Ollier's disease

Erich Mussak

University of Illinois Medical Center


Martha Saker, MD

Children's Memorial


Enchondromatosis, Ollier's, lytic bone lesions, 1656

Publication Date: 2010-10-20


8 y/o male, history withheld.


Multiple expansile lytic lesions in the right iliac wing, right femur, and right second metatarsal. Scalloping and some chondroid matrix (rings and arcs) was present.


Ollier's disease


Metachondromatosis; autosomal dominant carpotarsal osteochondromatosis, spondyloenchondromatosis, multiple hereditary exostoses and metastases.


The syndromes of multiple enchondromas or enchondromatosis are known as Ollier's disease or Maffucci syndrome. If the enchondromatosis is associated with soft tissue hemangiomas, the disorder is called Maffucci syndrome. Enchondromatosis is a rare, nonheriditary disorder. Enchondromatosis is marked clinically by asymmetric leg shortening. The changes are frequently asymmetric but rarely unilateral. These lesions are more difficult to diagnose in younger individuals. The enchondromas seen in Ollier's disease are expansile, trabeculated or lucent lesions that often have a thin cortex shell.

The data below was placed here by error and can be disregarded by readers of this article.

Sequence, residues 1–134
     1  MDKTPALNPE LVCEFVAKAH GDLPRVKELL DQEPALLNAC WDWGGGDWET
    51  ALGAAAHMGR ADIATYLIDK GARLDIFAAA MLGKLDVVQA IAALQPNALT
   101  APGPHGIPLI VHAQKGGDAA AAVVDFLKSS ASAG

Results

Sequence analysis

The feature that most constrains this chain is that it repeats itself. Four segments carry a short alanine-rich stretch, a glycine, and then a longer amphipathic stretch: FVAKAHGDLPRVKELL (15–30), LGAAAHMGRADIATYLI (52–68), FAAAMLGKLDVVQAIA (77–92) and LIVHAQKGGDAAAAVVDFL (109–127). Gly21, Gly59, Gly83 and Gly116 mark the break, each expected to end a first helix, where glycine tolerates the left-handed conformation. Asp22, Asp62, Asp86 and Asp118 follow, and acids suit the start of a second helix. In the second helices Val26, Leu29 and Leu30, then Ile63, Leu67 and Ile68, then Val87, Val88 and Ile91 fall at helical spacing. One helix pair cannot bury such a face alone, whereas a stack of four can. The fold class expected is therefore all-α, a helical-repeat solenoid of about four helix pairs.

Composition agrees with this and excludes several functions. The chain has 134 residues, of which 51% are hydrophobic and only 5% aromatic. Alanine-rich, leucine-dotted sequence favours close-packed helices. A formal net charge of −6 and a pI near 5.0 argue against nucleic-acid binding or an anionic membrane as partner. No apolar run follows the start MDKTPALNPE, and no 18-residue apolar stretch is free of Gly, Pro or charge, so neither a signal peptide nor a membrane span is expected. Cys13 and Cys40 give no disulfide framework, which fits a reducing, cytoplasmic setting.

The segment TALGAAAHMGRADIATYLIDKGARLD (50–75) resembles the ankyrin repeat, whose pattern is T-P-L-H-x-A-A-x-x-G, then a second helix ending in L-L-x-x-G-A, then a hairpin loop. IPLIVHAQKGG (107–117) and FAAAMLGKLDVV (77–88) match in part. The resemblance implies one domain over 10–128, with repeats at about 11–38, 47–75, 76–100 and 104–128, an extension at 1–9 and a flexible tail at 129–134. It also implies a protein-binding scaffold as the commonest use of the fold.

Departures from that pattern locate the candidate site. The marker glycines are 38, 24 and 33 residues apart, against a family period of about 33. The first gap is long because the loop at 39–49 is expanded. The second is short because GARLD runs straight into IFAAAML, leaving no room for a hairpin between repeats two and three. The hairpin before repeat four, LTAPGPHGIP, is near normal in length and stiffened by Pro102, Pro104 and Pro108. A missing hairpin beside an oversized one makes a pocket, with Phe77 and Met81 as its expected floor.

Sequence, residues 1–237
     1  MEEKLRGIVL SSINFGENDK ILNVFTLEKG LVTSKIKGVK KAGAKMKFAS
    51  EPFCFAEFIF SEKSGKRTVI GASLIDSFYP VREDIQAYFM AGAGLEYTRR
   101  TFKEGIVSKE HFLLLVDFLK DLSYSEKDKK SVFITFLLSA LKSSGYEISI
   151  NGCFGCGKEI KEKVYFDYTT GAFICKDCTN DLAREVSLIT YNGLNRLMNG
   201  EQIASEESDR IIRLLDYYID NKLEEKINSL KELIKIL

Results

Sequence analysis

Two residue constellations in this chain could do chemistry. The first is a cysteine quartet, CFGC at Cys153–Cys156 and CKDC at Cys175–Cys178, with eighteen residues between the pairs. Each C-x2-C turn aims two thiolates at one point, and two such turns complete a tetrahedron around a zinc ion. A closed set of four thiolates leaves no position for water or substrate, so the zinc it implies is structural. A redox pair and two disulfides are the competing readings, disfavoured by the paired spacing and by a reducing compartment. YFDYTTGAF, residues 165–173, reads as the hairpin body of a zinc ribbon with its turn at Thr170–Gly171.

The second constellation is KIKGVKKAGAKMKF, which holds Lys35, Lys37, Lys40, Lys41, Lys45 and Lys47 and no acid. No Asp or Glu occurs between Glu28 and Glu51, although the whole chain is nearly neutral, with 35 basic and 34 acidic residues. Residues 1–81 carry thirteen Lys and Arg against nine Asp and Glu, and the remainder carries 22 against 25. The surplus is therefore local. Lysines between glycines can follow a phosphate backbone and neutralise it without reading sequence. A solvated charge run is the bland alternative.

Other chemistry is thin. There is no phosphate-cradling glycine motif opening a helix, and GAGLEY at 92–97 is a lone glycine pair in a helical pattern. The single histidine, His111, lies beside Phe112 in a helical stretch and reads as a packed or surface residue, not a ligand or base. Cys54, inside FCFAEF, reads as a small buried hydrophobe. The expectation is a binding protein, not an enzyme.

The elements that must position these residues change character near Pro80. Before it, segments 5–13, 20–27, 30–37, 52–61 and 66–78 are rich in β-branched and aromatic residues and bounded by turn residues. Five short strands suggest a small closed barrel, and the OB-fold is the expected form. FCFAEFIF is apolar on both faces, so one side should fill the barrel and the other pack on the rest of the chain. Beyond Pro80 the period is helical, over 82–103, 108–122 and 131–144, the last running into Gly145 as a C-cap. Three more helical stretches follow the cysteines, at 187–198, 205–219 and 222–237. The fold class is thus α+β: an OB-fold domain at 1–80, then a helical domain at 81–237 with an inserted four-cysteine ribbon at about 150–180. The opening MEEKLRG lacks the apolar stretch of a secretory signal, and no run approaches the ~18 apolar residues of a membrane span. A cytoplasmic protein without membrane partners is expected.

Presenting signs include limb length discrepancies, palpable masses, and genu varum or genu valgum deformities. Most commonly affected bones are short tubular bones of hands and feet, and long tubular bones of tibia and fibula. Patient's are typically asymptomatic. Pain, not explained by pathological fracture or injury, should raise concern for conversion to chondrosarcoma.

Plain radiographs are considered the first line in diagnosis of suspected enchondromatosis. Radiographs can also be used to evaluate for fractures, caused by the thin shell of bone created by enchondromas.


  1. Kuhn, J.P., Slovis, T.L., Haller, J.O., CAFFEY'S PEDIATRIC DIAGNOSTIC IMAGING, Elsevier, Inc., 2004, 2375.

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